- In Ontario, a heel prick is used to take a few drops of blood from each baby shortly after birth. The blood is tested for more than 25 treatable diseases, including galactosemia.
- A screen positive result means that more tests are needed to know whether a baby has galactosemia. It does not mean that a baby has galactosemia. Babies identified at a young age through screening can be treated early to help prevent health problems.
At a glance
|Approximate incidence in Ontario:
|Screening can prevent:
|1 in 60,000
|Galactose-1-phosphate uridyl transferase (GALT)
|Failure to thrive, liver damage, sepsis, death
|Galactose restricted diet
Galactosemia is a rare inherited (genetic) disease.
- Babies with galactosemia cannot break down galactose.
- Galactose is a type of sugar found in breast milk and many other foods.
- It is normal for parents and guardians to feel worried when their baby has a screen positive result. A ‘screen positive’ result does not mean that a baby has galactosemia. It means that there is a chance that the baby may have galactosemia.
- Follow-up testing is important to find out whether the baby truly has galactosemia. Babies with galactosemia are healthier if treatment begins early.
- The baby’s health care provider or a health care provider at a newborn screening regional treatment centre will discuss the results with the baby’s family.
- Follow-up testing is arranged as soon as possible and involves blood and sometimes urine tests.
- It can take a few days to weeks to find out if a baby truly has galactosemia or not. This waiting period can be hard for families.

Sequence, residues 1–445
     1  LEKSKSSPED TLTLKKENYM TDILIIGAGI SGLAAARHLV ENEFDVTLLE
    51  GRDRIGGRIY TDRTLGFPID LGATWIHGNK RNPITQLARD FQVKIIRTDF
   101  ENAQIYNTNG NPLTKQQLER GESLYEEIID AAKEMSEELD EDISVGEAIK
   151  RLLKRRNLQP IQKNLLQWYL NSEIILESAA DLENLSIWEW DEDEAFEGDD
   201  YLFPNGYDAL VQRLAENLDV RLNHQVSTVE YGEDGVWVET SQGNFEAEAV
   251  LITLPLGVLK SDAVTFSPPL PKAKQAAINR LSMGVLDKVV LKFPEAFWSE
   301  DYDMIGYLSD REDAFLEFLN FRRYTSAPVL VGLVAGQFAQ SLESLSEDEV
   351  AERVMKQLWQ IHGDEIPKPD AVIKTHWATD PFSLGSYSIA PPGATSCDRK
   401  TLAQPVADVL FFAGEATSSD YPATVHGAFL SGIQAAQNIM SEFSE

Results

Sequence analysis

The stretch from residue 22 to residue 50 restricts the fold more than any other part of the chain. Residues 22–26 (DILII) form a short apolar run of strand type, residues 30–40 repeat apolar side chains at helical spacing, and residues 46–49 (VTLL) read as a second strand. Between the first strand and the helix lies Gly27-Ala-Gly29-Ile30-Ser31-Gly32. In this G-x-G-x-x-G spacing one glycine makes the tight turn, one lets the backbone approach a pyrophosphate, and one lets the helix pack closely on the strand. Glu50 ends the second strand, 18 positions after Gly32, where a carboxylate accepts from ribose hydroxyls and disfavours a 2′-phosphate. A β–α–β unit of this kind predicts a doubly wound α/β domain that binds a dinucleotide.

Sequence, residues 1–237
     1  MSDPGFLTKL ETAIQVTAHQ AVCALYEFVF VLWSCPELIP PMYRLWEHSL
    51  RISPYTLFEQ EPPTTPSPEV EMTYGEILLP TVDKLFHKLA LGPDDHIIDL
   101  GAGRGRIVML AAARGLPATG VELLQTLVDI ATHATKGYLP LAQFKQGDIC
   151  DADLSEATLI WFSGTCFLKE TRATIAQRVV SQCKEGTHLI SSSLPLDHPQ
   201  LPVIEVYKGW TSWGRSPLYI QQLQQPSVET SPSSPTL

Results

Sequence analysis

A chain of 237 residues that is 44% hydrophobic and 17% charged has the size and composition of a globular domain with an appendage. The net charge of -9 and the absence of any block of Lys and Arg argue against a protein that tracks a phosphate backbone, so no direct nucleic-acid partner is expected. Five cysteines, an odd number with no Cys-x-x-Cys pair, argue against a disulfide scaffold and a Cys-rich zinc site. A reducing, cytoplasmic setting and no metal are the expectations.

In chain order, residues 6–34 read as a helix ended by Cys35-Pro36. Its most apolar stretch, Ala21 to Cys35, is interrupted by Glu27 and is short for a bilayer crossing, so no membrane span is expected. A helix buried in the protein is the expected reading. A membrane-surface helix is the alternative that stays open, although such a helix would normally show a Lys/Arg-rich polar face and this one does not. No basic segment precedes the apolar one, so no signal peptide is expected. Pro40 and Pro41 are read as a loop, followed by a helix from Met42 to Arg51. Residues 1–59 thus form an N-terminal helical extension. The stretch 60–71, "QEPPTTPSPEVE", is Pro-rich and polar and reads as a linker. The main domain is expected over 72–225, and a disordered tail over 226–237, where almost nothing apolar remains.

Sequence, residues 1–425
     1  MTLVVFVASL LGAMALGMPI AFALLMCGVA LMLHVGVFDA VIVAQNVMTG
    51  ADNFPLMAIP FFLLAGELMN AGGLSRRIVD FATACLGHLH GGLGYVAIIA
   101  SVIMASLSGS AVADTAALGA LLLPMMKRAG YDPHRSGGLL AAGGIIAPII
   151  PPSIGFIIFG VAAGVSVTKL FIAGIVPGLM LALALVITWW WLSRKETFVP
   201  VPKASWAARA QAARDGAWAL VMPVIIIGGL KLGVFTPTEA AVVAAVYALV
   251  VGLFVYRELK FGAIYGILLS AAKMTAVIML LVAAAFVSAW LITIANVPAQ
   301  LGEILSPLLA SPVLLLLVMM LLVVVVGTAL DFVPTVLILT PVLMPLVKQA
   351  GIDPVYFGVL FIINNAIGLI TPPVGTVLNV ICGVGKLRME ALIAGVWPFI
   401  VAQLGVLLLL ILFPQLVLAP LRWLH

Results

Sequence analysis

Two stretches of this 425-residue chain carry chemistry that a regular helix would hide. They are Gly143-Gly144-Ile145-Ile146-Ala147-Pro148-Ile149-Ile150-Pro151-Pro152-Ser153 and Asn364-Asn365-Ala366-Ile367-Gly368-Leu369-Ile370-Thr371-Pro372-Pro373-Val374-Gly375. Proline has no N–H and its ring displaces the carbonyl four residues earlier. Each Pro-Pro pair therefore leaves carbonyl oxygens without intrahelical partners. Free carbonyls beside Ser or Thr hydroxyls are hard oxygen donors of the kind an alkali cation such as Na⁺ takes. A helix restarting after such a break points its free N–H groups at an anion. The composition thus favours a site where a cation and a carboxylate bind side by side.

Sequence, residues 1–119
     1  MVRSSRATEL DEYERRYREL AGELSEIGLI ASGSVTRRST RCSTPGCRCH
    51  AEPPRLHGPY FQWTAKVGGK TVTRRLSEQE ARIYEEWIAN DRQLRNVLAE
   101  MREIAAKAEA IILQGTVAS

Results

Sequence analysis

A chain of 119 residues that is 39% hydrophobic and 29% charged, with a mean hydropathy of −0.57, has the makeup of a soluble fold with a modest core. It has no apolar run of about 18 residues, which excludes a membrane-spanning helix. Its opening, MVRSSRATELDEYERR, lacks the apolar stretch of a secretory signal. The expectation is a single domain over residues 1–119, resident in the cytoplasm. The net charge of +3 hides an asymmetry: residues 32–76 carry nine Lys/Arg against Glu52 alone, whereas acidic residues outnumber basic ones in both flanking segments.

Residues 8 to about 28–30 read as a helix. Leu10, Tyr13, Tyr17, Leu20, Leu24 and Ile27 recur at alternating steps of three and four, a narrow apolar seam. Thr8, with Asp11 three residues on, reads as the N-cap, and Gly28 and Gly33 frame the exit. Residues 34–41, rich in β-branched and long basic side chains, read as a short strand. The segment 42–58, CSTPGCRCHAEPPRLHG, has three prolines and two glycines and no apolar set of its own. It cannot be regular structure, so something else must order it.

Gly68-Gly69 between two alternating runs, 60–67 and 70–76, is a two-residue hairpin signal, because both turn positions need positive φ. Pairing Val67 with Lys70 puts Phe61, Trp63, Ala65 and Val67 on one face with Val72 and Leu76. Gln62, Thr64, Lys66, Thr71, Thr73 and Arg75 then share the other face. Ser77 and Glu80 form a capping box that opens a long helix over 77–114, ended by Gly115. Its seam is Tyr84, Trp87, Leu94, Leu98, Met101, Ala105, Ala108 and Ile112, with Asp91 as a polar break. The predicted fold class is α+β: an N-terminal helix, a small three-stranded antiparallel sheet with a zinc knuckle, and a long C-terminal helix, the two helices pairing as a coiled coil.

- Normal – the baby does not have galactosemia.
- Abnormal – the baby does have galactosemia and will need treatment. The family will be supported by a team of caring specialists.
- Inconclusive – more testing is required. The baby will be followed closely by a specialist to ensure that he/she receives optimal care.
Although babies with galactosemia are normal at birth, they may develop serious health problems without treatment. Early signs of galactosemia usually appear within a few days to weeks after birth. They include:
- feeding problems (poor weight gain)
- extreme sleepiness (lethargy)
- yellowish skin (jaundice)
- enlarged liver
Early treatment helps to prevent serious and life-threatening health problems such as:
- low blood sugar (hypoglycemia)
- liver damage
- serious complication of infections (sepsis)
- problems with intellectual development
Treatment is started as early as possible and is lifelong.
- Treatment may involve a combination of:
- frequent feeding, especially when ill (babies with these diseases must not go a long time without food)
- a low protein diet and special medical foods
- vitamins and supplements such as vitamin B12 and carnitine, which are prescribed by a metabolic doctor
- occasionally liver and kidney transplants are needed
- A team, including a metabolic doctor and a dietician, cares for babies with these diseases.
- Regular follow-up tests are used to monitor and adjust treatments.
- Babies with these diseases have their health and development checked regularly.
- If signs of a metabolic crisis (above) occur, urgent medical care must be found.
- When treatment starts early, there is a much better chance for normal growth, development, and intelligence.
- Although early treatment will ensure the best outcome, some children with galactosemia may still develop cataracts, speech problems, co-ordination problems, and intellectual difficulties.